This new tandem may upgrade the run defense as they go 6'3" 218 pounds (Lee) and 6'0" 224 (Davis) whereas last year the KSU LB corps weighed in at 6'3" 205 (Johnson) and 5'10" 210 (Truman) and could be more physical and explosive in the box. The big question is whether either of them can handle running in space as Truman was regularly asked to do in 2014.

The Wildcats also depend on getting a pass-rush from the defensive ends. These guys are certainly helped by the fact that the Wildcats are very meticulous and skilled in pattern-reading in cover 4 or cover 2 and forcing the QB to either hold the ball, try to throw it outside the hash marks, or work his way down the progressions to the check downs.

The 2012 Big 12 champion K-State defense got 17.5 sacks combined from ends Adam Davis (7) and Meshak Williams (10.5). In 2014 they did reasonably well with 21.5 sacks from their top four pass-rushers with Ryan Mueller leading the way with 6.5, the Jordan Willis/Marquel Bryant timeshare across from him adding 10.5, and 3rd down specialist Elijah Lee adding 4.5 more.

The Wildcats usually end up seeing at least one DE emerge in a big way every season. With Willis and Bryant both returning, along with former Kansas HS star Tanner Wood who could be dominant at the position before he's finished his college career, you figure KSU will get the needed pass-rush.

They also have been getting a respectable push from 3-technique DT Travis Britz who should have a strong senior year playing next to returning nose tackle Will Geary.

Geary is one of the fun but typical storylines that comes out of Manhattan every year. He's a former walk-on that stands at about 6'0" flat, if even that, and weighs just a little under 300 pounds. He's a former state wrestling champ and clearly finds that the skills learned in that sport translate to battling double teams at nose tackle. As a redshirt sophomore, Geary is going to be around for years to come helping the Wildcat DL cover up their linebackers.

The counter-punch

A fascinating aspect of the 2015 KSU defense is how often they use the blitz to attack opponents now that Elijah Lee is playing weakside linebacker. One of the Wildcats preferred ways to attack opponents in 2014 was to bring Randall Evans off the strongside while stunting Ryan Mueller inside into the B-gap, which the senior defensive end excelled at doing.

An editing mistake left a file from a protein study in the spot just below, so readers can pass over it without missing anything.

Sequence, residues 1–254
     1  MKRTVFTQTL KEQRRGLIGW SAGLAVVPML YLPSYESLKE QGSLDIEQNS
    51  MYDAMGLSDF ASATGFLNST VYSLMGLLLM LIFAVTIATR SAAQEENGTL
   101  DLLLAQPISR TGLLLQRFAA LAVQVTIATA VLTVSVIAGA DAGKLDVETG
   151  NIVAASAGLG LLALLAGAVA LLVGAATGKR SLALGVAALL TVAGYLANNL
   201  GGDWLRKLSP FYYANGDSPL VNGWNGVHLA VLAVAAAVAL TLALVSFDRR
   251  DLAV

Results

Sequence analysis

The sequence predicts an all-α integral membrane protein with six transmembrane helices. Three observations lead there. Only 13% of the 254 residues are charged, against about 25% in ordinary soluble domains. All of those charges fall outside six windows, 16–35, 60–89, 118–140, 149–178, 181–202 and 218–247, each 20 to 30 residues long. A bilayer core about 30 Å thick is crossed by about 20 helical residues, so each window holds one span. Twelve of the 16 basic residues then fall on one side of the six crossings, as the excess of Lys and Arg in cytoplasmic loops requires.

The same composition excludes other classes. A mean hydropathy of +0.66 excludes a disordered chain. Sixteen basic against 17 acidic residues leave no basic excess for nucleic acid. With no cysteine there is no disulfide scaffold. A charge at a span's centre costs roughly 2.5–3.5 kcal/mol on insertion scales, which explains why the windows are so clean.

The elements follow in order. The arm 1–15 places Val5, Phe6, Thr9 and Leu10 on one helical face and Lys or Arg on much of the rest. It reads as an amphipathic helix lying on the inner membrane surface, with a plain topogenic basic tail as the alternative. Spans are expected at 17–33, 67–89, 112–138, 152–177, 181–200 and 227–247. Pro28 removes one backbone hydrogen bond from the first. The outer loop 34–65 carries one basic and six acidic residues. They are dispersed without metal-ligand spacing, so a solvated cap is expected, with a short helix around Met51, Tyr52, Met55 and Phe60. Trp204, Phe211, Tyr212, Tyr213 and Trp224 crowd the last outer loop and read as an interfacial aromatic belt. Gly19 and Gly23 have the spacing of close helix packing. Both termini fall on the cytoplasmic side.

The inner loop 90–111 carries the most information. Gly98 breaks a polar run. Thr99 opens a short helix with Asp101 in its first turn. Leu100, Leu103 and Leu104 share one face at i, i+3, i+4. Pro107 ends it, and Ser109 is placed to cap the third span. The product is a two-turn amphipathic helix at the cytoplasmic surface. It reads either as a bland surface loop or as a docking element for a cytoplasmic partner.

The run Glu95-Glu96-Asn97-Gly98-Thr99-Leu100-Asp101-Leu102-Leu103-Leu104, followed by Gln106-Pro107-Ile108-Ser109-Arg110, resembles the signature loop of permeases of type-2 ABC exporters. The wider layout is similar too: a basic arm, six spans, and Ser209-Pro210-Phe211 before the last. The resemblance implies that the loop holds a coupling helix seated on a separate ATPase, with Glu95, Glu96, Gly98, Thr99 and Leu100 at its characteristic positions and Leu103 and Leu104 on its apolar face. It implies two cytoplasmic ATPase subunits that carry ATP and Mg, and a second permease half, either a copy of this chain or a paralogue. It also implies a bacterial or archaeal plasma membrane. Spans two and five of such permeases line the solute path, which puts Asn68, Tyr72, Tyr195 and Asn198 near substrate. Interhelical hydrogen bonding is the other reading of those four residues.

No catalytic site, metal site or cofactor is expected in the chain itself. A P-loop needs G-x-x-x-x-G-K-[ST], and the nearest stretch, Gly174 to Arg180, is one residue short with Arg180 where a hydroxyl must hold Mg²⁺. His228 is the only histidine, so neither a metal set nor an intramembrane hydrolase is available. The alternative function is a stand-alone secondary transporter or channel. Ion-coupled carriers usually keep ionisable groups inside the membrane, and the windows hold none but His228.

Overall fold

In 2015 the Wildcats may be stronger at bringing the weakside blitz with Lee.

That's about as simple as blitzes get but you get Elijah Lee, one of the DEs, and Travis Britz potentially attacking only two offensive lineman with very favorable angles.

Blocking this blitz would require either a really good zone protection scheme from the offense, a quick pass to the flat against KSU's good corners (if it's McDaniel over there I think the receivers would prefer that you didn't), or using the RB to pick up Lee on the blitz. None of those are particularly appealing solutions.

The only issue here for KSU is that they already have a pretty effective weakside blitz option by bringing McDaniel off the boundary edge. It's always nice to have multiple players that can be used to attack an offense but the Wildcats could really use a good blitzer on the strongside at middle linebacker, nickel, or strong safety. Again you wonder if the Wildcats should consider moving McDaniel to nickel and increasing the angles from which they can attack the offense.

However DC Tom Hayes chooses to attack opponents though, he should be able to do it more effectively with both cornerbacks returning, Barnett ball-hawking from the middle of the field, and Elijah Lee factoring into the equation as a blitzer.


If we could sum up the KSU defensive strategy it would be:

1. Lock down the middle of the field with athletic linebackers and safeties playing a limited number of pattern-read coverages with the same personnel all the time and running to the football as a group.

2. Protect these athletes with a sturdy DL that can generate a pass-rush and eat space inside.

3. Kill drives by forcing the offense to throw inefficient passes outside against good corners or else inflicting negative plays through the pass-rush or extraordinary play from the inside core.

The Wildcats actually look stronger on points two and three than in many previous seasons with most of the questions concerning whether they can replace their losses at linebacker and safety and get the same kind reliable play from the up and coming athletes on the team that they got from players like Evans or Zimmerman.

If you're willing to give Snyder the benefit of the doubt there then you have to consider the possibility that this could be one of the Big 12's best defenses in 2015.